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Our 12th patient - we have cryonized a man from Kiev

The first KrioRus patient from Kiev (but not from the Ukraine) died from stroke on May 5, 2010, at 7.40 (Moscow time). His relatives contacted us very quickly and at 8.40 we already consulted with them. To our astonishment, at 9.30 the cryoconservation initiators – the patient’s daughter and the son-in-law - solved all the problems with other relatives and confirmed their readiness to make use of the KrioRus services.

At the time, the patient was at the mortuary of the medical emergency hospital.

The client wrote a letter of autopsy refusal. By dinner time, they had already assembled all the necessary documents.

Unfortunately, at the mortuary they disapproved of the plan to cryonize the patient and were uncooperative, but by that time we already were able to remove the patient from those premises.

Our company made all the necessary arrangements with the Kiev funeral parlor “Requiem”, where they consented to assist us in this case, particularly, to transport the body to Russia post haste. By that time our Ukranian volunteer cryonics response team  had ordered ice which soon arrived, and we transported the patient under accelerated cooling to another mortuary not far from the Southern railway station.

The patient's body cooling was initiated fairly quickly, being that the temperature at the mortuary, as you know, is about 3-5° C, and 12 hours after his death his body was totally covered with the ice that had been brought there, which effectively forestalled decomposition. That a recently deceased patient was covered with a reasonable amount of common ice (no more that 100-150 kg), quickly cooled but did not freeze, because a layer of water formed between the body and ice prevented the tissue from freezing.

The local funeral parlor staff actually wanted to help us with perfusion, so Danila Medvedev immediately went to Kiev with the necessary chemical agents in sufficient amount. It seemed at the time an optimal strategy to wait for the chemicals to arrive and, as soon as Danila came, to begin perfusion.

But the situation developed alarmingly: the embalmer who previously had consented to perform the perfusion, then refused. He was afraid that he could not cope with the procedure, as he was not skillful enough in arterial embalming, a similar process to that of perfusion. For he was an expert only in abdominal embalming. He told us that he could have done the job if only somebody at least once had performed the operation in his presence or demonstrated the procedure, but hesitated to try, even with our own staff consultation remotely via Moscow..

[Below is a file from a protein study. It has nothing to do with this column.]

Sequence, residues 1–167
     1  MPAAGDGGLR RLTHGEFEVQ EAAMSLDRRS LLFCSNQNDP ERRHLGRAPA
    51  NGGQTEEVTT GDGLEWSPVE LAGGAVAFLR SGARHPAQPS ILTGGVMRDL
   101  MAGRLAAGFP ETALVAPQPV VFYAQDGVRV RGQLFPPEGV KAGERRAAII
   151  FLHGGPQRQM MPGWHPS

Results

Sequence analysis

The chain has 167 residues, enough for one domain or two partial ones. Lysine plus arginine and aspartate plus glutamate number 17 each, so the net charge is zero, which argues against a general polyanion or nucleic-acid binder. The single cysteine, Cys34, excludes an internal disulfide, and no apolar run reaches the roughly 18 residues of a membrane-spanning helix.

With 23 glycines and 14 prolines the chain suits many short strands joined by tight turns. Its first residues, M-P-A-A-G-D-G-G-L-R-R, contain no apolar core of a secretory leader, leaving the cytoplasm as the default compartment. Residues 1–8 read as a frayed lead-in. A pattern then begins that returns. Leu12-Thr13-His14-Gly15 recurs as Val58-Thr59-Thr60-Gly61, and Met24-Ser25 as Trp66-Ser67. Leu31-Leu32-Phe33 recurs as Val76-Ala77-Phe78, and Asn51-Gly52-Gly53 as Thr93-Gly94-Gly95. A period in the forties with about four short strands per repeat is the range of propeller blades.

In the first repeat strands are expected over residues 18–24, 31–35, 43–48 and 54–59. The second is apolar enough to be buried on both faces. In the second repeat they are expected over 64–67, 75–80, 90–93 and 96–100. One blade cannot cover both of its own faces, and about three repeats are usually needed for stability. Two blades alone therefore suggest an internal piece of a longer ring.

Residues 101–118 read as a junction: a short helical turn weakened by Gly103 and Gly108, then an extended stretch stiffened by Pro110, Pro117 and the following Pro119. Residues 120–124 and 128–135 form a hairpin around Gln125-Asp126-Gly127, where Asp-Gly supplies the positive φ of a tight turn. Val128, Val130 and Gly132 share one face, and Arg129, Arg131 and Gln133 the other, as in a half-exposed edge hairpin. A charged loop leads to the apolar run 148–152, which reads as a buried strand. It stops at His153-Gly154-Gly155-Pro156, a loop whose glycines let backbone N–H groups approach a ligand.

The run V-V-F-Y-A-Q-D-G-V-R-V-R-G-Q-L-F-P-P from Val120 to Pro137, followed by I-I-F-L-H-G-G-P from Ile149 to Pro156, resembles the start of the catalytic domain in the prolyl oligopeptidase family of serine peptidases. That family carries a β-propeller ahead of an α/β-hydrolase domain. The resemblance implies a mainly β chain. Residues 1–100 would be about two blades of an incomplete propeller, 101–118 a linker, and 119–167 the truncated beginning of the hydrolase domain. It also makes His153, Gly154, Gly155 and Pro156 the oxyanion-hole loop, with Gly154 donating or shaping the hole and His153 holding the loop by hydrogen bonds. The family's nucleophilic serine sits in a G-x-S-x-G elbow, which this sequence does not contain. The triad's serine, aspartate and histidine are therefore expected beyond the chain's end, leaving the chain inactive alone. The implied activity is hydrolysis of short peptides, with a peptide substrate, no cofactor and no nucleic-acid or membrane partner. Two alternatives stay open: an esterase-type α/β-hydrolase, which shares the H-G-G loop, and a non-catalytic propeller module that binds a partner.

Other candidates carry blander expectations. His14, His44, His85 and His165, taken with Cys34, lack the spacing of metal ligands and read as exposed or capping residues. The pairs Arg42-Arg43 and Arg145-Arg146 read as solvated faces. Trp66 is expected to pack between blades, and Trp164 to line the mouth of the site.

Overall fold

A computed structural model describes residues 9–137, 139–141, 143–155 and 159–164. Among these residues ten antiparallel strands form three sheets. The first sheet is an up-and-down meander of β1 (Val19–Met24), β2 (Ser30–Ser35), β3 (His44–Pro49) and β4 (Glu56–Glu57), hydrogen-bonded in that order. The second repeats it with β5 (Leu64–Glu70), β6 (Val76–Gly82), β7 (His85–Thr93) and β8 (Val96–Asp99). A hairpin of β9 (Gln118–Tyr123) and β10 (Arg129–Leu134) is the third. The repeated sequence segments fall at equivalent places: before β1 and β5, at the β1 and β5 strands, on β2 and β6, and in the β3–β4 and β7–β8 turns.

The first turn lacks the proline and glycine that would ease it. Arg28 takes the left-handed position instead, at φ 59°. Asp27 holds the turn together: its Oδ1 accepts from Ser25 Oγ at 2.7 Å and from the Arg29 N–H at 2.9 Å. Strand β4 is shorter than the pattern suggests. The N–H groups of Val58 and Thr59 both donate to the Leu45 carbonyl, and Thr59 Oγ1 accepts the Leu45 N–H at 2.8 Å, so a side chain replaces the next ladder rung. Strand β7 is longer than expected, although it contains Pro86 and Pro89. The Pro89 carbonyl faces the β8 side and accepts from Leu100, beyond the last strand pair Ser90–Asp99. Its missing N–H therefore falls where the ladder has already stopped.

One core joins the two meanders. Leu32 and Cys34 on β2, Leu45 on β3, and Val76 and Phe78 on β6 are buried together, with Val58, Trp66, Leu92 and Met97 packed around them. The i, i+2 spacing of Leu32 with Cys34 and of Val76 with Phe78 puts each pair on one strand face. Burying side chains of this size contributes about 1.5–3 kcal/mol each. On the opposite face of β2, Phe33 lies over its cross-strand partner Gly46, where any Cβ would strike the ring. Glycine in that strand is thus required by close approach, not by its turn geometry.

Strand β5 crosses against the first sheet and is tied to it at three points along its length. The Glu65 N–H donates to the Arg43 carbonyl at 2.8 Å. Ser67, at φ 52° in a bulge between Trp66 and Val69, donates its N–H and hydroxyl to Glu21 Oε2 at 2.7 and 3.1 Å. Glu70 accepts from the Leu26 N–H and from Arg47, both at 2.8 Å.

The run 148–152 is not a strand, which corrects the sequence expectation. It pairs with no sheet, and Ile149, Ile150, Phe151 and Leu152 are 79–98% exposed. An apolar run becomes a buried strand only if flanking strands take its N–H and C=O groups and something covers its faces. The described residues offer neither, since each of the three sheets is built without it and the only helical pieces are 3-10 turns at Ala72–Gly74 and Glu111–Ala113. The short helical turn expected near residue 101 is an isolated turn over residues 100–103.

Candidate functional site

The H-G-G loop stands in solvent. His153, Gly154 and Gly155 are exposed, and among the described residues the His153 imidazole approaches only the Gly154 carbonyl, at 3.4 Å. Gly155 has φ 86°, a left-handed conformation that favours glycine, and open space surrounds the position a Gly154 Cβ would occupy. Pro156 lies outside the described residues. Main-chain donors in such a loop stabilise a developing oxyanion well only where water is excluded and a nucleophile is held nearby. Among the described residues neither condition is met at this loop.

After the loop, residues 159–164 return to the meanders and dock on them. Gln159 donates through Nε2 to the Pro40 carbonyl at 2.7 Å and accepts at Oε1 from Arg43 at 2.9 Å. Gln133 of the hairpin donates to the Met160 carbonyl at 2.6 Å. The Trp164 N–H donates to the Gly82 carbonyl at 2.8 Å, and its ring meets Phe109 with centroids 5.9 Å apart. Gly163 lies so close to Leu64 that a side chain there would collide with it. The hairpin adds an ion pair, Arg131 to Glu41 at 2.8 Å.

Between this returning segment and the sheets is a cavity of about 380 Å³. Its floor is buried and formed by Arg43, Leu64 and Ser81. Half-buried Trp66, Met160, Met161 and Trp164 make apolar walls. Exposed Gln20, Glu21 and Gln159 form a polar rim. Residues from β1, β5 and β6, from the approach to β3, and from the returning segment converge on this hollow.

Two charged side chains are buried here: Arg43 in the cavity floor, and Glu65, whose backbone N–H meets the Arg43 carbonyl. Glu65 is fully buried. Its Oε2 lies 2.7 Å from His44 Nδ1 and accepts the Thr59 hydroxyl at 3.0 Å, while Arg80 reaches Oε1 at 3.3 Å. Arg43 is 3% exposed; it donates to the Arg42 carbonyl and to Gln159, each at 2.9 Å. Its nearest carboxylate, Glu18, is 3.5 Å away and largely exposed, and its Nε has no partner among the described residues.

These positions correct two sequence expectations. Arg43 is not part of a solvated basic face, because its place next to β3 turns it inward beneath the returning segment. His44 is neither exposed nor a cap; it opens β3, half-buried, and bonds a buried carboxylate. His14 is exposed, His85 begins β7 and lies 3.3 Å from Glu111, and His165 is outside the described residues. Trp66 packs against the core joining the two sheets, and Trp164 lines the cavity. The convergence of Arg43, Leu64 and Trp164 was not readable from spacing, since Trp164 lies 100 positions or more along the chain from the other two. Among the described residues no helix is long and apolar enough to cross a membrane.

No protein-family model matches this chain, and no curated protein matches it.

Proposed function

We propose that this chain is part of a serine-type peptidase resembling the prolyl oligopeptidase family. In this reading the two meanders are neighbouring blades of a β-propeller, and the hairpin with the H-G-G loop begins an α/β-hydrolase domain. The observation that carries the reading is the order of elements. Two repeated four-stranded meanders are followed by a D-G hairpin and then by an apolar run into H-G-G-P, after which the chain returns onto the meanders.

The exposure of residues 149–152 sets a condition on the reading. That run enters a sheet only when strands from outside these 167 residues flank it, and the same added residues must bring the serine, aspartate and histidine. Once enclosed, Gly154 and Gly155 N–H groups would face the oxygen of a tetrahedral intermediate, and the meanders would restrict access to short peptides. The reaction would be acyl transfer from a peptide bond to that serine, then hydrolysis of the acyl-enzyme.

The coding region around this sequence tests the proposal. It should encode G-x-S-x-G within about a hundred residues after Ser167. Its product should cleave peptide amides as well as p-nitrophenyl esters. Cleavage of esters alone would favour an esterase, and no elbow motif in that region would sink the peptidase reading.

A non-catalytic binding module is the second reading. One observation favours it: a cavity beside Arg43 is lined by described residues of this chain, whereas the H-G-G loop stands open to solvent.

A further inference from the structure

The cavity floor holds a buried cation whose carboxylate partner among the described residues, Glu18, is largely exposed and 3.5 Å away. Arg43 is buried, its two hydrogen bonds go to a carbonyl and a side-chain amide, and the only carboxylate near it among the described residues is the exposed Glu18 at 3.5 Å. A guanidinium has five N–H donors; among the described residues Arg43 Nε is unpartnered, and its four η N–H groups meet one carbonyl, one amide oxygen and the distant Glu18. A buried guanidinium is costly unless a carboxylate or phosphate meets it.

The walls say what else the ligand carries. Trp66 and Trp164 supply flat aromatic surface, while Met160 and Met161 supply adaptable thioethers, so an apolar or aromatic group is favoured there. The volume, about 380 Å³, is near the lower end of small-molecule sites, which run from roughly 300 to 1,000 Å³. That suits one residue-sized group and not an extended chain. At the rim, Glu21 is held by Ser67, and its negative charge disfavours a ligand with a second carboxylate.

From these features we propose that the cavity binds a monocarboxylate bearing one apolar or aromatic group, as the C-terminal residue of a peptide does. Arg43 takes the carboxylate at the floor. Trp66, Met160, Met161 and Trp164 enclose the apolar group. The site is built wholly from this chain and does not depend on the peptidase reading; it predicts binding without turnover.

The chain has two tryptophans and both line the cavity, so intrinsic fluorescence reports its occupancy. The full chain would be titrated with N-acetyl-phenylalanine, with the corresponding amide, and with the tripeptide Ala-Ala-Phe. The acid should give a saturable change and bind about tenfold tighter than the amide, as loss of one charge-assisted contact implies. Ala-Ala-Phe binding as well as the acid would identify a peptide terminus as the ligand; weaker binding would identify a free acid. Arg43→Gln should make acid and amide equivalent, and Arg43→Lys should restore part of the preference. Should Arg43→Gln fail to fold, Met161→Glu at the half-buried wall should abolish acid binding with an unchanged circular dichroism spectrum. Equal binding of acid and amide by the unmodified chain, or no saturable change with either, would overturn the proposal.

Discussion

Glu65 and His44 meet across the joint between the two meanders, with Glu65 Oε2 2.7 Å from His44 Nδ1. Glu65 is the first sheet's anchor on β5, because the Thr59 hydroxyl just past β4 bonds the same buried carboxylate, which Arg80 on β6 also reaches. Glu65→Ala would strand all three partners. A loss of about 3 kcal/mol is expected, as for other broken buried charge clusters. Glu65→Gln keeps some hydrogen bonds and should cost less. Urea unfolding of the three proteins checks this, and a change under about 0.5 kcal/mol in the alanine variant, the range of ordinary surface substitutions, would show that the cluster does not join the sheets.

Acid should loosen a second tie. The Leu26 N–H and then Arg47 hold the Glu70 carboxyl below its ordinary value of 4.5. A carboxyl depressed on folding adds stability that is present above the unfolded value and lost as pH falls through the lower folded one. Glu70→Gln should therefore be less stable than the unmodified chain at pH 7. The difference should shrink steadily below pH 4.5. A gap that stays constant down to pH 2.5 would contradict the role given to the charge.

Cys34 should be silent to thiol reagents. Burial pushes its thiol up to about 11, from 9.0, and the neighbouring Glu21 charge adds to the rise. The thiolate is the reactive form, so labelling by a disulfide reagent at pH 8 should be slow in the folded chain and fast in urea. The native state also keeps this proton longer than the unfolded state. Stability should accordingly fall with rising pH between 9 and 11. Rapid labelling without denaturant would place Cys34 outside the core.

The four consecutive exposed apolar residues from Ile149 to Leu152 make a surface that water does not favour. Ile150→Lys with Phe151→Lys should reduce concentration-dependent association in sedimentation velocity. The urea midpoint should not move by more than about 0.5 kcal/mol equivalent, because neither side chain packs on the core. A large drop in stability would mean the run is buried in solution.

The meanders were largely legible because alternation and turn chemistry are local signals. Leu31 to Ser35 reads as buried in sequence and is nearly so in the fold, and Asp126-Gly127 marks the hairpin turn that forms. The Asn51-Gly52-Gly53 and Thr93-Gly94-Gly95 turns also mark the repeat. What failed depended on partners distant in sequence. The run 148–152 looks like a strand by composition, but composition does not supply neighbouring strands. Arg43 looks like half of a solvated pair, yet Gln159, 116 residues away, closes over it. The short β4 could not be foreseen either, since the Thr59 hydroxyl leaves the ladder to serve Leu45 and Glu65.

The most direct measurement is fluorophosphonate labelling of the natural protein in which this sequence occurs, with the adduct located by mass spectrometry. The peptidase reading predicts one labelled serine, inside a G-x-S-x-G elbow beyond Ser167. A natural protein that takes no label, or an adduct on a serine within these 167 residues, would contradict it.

It was unwise to seek another loyal embalmer on such short notice, and we decided to transport the patient to Moscow: soon a car with the patient covered with ice in his coffin, started out for Moscow.

It took the car 17 hours to get to Moscow – somewhat longer than we expected, as the driver had some problems approaching Moscow because of the preparation for  Victory Day.

As soon as the car arrived – it was at 12.00 on May 7- the events followed on thick and fast. Our perfusion experts demonstrated the best work as to speed and quality which I have so far witnessed in Russia.

The car arrived at 12.00, and at 12.40 the patient was already in an operating room (we had to unload ice, chemicals, to open the coffin, etc.). At 14.00 the perfusion system was already prepared for work and filled with perfusion solution and they began hooking the system up to the patient’s veins. At 14.00 perfusion procedure was initiated.

The vascular system was in a surprisingly good condition. Evidently, that was the effect of prompt and early cooling at the very beginning. That is why perfusion was completed in record quick time. As a rule, it is a rather prolonged procedure, – 6 1/2 hours. At 22.00 on May 7, after perfusion, we began cooling the patient in dry ice. Apropos, for the first time perfusion was carried out in a specially cooled room with the +1° C air temperature which also improves quality of cryoconservation.

It should be mentioned that the situation was still far from ideal, our work was complicated by the patient remote location and the absence of specialists on site, but it should be stressed that better results are usually achieved if a contract for cryoconservation is concluded in advance and a cryo company has any possibility to arrange the procedure with local experts or to train them, as well as to buy necessary equipment and chemical agents in place or to bring them. Even, as has been seen in the USA, elderly cryopatients moving house to abide nearer to the cryostorage repository towards the end of their natural lives.

Nevertheless, we are happy that one more patient has gotten a second chance for life. Moreover, we have analyzed the benefits and disadvantages of this case and are now developing a plan to improve the quality of services we render to our patients.

This patient was our 12th cryonized client and the 5th foreign citizen. Before that, we have cryonized Dutch and Estonian citizens, as well as two Ukrainians.

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